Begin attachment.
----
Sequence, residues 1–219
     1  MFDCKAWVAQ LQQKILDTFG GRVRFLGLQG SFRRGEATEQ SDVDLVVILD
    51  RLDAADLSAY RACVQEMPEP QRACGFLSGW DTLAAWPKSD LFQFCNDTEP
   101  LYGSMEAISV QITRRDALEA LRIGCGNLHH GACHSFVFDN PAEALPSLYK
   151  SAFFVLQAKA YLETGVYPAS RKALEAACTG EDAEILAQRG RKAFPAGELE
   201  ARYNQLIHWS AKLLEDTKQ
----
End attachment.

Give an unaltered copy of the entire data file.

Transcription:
Sequence, residues 1–219
     1  MFDCKAWVAQ LQQKILDTFG GRVRFLGLQG SFRRGEATEQ SDVDLVVILD
    51  RLDAADLSAY RACVQEMPEP QRACGFLSGW DTLAAWPKSD LFQFCNDTEP
   101  LYGSMEAISV QITRRDALEA LRIGCGNLHH GACHSFVFDN PAEALPSLYK
   151  SAFFVLQAKA YLETGVYPAS RKALEAACTG EDAEILAQRG RKAFPAGELE
   201  ARYNQLIHWS AKLLEDTKQ